New data from the European Space Agency shows that there may be tens of billions of rocky "super-Earths" orbiting in the habitable zones of red dwarf stars in our galaxy, and 100 of them are probably with just 30 light years of us. But how many of these planets are really "Earth-like?" Probably not nearly that many.
The ESO's HARPS planet-finding spectrograph spent the last six years surveying a sample of about 100 red dwarf stars, which are smaller and cooler than our sun but incredibly common, making up about 80% of all stars in our galaxy. The astronomers discovered that a whopping 41% of the stars that they looked at had super-Earths orbiting in the stars' habitable zones. Using this sample as a proxy for the entire red dwarf population, that works out to anywhere from tens of billions to about a hundred billion stars playing host to habitable zone super-Earths. Wow.
But how excited should we really be? Does this mean that there are tens of billions of worlds out there ripe for colonization or bursting with aliens? Maybe, but probably not.
In a staggeringly lucky coincidence, humans managed to evolve on a planet that's perfect for us. The temperature is just right, there's water all over the place, and the gravity is exactly 1g. What are the odds! We've been pampered, though, and we'd likely have a tough time adapting to other worlds, especially if those worlds are bigger and warmer as opposed to smaller and cooler (like, say, Mars).
When we're talking about exoplanets, the distinction between "Earth-like" and "habitable" is an important one. From what we can tell, astronomers use the term "habitable" to describe a planet that could potentially be inhabited by something, the criteria being a planet with a rocky surface that's the right distance from its parent star such that liquid water could be present. Into this category fall "super-Earths," which are rocky planets in habitable zones that are anywhere between one and ten times the mass of Earth.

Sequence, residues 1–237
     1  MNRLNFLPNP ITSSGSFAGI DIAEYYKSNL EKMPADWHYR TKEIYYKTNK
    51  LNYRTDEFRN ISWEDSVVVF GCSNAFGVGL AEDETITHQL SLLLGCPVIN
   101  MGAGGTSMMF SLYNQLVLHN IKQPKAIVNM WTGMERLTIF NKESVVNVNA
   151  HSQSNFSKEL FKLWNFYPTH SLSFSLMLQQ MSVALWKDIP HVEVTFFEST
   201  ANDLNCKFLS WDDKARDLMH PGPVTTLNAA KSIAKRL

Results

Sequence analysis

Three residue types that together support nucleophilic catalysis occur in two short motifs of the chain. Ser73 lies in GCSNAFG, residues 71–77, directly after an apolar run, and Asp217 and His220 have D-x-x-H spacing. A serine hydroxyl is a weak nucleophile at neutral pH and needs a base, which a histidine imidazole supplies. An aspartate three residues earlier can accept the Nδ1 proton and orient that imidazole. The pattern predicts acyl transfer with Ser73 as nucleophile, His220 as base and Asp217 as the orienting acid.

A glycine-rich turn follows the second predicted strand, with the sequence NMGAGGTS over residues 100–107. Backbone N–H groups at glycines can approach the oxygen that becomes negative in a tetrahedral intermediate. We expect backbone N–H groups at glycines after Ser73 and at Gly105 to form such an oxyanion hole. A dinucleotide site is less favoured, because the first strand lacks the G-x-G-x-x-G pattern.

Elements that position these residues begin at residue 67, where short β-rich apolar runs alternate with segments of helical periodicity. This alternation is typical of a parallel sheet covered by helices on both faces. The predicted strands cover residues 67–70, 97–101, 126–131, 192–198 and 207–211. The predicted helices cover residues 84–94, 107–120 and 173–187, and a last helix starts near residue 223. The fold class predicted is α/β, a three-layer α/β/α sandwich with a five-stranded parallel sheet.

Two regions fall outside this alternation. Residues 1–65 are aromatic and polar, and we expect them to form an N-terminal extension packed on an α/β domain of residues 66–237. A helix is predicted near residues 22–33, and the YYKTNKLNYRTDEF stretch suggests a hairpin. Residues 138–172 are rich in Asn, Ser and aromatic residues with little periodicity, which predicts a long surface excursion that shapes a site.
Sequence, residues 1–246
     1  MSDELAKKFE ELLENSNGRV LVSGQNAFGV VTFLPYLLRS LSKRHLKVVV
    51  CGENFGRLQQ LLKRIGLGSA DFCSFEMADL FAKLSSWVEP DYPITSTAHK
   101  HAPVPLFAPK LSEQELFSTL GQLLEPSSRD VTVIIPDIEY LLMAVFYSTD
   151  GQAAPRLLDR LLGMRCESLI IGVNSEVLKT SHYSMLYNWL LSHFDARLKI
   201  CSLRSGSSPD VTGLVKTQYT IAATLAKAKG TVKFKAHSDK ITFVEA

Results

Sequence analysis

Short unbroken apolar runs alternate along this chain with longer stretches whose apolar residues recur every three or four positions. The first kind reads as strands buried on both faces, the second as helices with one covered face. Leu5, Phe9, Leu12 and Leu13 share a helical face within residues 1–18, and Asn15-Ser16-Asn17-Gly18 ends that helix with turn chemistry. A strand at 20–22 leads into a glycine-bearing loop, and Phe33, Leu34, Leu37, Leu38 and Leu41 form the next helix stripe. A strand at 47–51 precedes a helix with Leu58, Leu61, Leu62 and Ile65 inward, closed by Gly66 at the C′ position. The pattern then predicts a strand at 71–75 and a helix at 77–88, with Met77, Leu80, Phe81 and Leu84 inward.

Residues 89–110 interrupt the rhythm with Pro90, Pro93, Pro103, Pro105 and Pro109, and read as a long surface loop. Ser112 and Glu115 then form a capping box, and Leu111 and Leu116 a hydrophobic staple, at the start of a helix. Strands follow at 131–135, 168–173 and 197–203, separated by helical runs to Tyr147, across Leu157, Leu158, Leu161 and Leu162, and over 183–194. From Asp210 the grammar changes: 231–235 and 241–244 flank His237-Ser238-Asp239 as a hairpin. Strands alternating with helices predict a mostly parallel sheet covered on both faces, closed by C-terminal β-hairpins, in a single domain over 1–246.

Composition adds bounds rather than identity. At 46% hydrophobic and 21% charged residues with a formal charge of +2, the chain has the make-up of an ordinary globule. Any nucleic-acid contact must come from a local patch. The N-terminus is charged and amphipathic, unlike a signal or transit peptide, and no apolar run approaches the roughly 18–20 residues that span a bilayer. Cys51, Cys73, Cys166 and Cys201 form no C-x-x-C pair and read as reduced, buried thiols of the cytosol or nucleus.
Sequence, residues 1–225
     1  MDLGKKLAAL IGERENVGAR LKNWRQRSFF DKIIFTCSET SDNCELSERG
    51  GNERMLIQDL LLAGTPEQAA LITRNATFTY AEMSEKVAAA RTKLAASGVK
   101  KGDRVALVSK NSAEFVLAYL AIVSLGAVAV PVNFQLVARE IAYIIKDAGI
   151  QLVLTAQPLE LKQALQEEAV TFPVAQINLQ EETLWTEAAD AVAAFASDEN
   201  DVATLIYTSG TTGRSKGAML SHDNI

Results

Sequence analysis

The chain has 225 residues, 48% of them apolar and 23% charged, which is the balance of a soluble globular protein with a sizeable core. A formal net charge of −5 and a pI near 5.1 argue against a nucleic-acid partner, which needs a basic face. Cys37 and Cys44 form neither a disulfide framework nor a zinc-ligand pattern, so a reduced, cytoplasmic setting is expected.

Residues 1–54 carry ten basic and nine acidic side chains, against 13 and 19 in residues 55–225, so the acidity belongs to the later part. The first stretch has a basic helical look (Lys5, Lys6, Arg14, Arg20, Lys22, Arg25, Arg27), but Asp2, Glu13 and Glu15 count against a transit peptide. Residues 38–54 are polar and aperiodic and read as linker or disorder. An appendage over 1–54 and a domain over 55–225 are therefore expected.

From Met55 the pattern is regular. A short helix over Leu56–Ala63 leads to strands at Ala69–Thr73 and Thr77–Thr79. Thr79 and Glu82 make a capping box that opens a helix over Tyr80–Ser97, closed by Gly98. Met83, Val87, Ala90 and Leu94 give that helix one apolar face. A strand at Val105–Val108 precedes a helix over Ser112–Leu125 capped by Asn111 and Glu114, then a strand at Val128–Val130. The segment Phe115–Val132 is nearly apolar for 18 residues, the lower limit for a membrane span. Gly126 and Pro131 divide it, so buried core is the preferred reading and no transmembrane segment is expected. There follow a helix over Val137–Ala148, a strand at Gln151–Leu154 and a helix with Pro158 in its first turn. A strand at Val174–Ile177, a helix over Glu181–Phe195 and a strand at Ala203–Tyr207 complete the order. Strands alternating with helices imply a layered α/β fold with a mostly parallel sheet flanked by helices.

And this is where things start to take an unfortunate turn for us humans, since we don't deal very well with increased gravity. If you found yourself on a super-Earth exoplanet with twice the mass of Earth, you'd weigh twice as much on its surface. And it's not just like putting on your own body mass in fat all at once: everything weighs double, from your blood to your eyelids to your hair, while your muscles haven't gotten any bigger. Yeah, it would suck.
And that's just 2g: these super-Earths are still called super-Earths all the way up to 10g. This isn't to say that 10g isn't technically survivable: untrained humans can deal with between 4g and 6g before blacking out, and trained fighter pilots wearing specialized g suits can remain conscious at over 9g. But again, there's a huge difference between "technically survivable for extremely short periods of time" and "habitable by humans," and while it's fantastic to learn that there are so many potentially habitable (by something) planets out there, we've still got some work to do finding our species a nice little vacation planet that we'd all enjoy visiting.